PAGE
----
This column begs to be written.
Rory McIlroy, 22 years old, has just won the US Open last week in a most record breaking fashion. He is now the youngest US open winner since Bobby Jones in the twenties. No, it’s not Tiger. However if you include all winners of all of Golf’s Major tourneys to include the The British Open, PGA Championships and Masters, it’s still Tiger who won whilst being the youngest at the Masters in 2000. This spectacular win of McIlroy came just two months after his meltdown at the Masters. He won with a record breaking -16, an 8 shot lead over another wunderkind, Filipino Aussie Jason Day.
After the losing the Masters, I amongst others, thought that the guy will take at least 6 months to a year to recover. It took him only two. This is why this piece is begging to be written in the light of what I had said during my last one. I was then guessing what went on in his mind as he lost a huge lead coming into the final day of the Masters. The effects of that loss and its effect on Rory’s fans and the media, were all erased in the last US Open. He led from wire to wire – start to finish breaking several records of long standing, at least for the US Open.
Doubts. This is what McIlroy had plenty of as he teed off on the first hole of the first day. Even as he started to tee off on the final day, everyone including me had doubts. Everybody including me were saying, “don’t collapse, don’t collapse, don’t collapse!” Well, he didn’t. He won.
So now we have a story of recovery, redemption – resurrection if you will, of one young man who kept his eye on the prize. I had in my previous column, described that loss by citing 1 Corinthians 10: 12 So, if you think you are standing firm, be careful that you don’t fall! 13 No temptation[a] has overtaken you except what is common to mankind. And God is faithful; he will not let you be tempted[b] beyond what you can bear. But when you are tempted,[c] he will also provide a way out so that you can endure it.”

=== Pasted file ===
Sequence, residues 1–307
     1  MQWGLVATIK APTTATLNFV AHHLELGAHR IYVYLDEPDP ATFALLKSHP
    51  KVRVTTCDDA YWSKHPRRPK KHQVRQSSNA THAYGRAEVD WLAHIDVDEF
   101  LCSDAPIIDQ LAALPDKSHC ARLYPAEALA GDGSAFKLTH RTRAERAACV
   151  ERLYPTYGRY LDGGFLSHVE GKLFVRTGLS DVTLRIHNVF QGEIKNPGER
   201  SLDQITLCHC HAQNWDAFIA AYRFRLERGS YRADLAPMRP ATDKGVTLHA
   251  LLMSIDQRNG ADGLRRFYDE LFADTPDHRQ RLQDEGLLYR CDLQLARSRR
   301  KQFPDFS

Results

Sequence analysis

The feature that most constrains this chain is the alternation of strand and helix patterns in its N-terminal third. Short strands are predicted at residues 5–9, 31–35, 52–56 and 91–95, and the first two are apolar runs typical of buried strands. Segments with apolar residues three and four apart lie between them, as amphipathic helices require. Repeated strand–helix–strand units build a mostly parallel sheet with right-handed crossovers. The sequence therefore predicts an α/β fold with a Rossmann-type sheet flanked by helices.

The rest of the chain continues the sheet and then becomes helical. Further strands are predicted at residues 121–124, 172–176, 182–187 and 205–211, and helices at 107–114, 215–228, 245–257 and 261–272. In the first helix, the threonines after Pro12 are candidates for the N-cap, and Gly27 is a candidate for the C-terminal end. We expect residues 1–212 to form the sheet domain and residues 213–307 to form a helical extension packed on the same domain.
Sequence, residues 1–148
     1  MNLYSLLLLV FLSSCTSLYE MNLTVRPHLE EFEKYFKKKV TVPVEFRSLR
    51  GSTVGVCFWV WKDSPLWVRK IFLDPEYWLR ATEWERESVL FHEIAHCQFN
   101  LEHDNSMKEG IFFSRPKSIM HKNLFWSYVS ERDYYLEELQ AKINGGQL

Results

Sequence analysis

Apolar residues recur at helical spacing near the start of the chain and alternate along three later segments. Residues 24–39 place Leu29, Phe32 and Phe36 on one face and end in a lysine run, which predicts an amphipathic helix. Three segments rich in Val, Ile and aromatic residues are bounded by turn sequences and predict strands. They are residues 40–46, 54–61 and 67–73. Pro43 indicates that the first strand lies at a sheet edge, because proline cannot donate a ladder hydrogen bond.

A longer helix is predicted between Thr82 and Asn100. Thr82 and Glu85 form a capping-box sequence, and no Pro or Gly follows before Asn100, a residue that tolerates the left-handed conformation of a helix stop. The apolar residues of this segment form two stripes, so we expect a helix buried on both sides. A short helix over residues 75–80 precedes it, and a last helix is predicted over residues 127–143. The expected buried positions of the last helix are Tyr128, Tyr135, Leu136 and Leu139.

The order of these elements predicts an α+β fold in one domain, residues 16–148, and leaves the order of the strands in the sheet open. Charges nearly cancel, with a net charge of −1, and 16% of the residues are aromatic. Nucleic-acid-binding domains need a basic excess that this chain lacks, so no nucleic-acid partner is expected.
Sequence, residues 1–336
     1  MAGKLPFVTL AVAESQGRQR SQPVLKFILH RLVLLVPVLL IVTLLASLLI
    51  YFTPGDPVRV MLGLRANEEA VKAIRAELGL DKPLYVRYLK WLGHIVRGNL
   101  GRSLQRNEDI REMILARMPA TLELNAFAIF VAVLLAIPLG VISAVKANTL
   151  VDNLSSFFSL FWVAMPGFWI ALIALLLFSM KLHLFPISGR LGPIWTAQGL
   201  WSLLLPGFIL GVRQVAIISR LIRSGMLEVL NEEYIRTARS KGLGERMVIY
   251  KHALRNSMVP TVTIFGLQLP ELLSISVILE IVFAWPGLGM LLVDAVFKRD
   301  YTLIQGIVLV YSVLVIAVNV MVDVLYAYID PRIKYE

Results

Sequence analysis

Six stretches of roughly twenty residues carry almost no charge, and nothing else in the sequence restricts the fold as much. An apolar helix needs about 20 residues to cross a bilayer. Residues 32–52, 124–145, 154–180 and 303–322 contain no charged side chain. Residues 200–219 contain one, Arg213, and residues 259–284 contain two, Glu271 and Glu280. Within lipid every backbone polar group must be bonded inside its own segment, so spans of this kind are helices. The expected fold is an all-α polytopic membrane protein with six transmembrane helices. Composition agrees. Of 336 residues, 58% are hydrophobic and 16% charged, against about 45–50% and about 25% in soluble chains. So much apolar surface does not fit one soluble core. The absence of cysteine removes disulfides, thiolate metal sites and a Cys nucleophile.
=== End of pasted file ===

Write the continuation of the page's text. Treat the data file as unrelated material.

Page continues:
The events at the Congressional took place as if McIlroy had read that scripture quotation (specially the latter half). None of us will ever know what truly was in his mind. But he left clues. One event was the Masters’ meltdown itself. He said that this actually helped him with the US Open – he now knew what to do. Also, his father’s presence on the tourney grounds steadied his nerves – reminding him of the sacrifice his parents made to further his golf career.
One last event needs mentioning. Rory McIlroy just happens to be the UNICEF ambassador for Northern Ireland. He had visited quake-ravaged Haiti weeks before his game and got in touch with the masses of poor in Haiti. It made him think that there was more to life than golf and/or the US Open. A healthy perspective before the competition! To quote : “I thought I had perspective before going to Haiti, and then actually seeing it just gives you a completely different view on the world and the game you play.”
I often refer to previous columns when I write a new one. I have written about the habits of practicing for your games. Rory played two full practice rounds and came to know the course pretty well. He was leading by 3 after the first day. On his second day, he broke the US Open 36 hole record with a score of 131 to increase his lead to six. The golfing world knew that putting was the weaker part of his game. However here, he made only on three putts all week. Referring back to 1 Corinthians, we waited to see if he would be tempted to collapse on the final day, but he didn’t. He birdied his opening hole on that Sunday. Redemption finally came with another record broken. He shattered the US Open tournament record by four shots when he scored 268 for a four day total.
One of his first few words after the final putt was “Happy Father’s Day, Dad!”
Learn from your failures. Keep your perspective. Don’t doubt your ability. Close your ears to the negative comments of others. Focus on the now. Do your very best. And thank your Heavenly Father when you are victorious!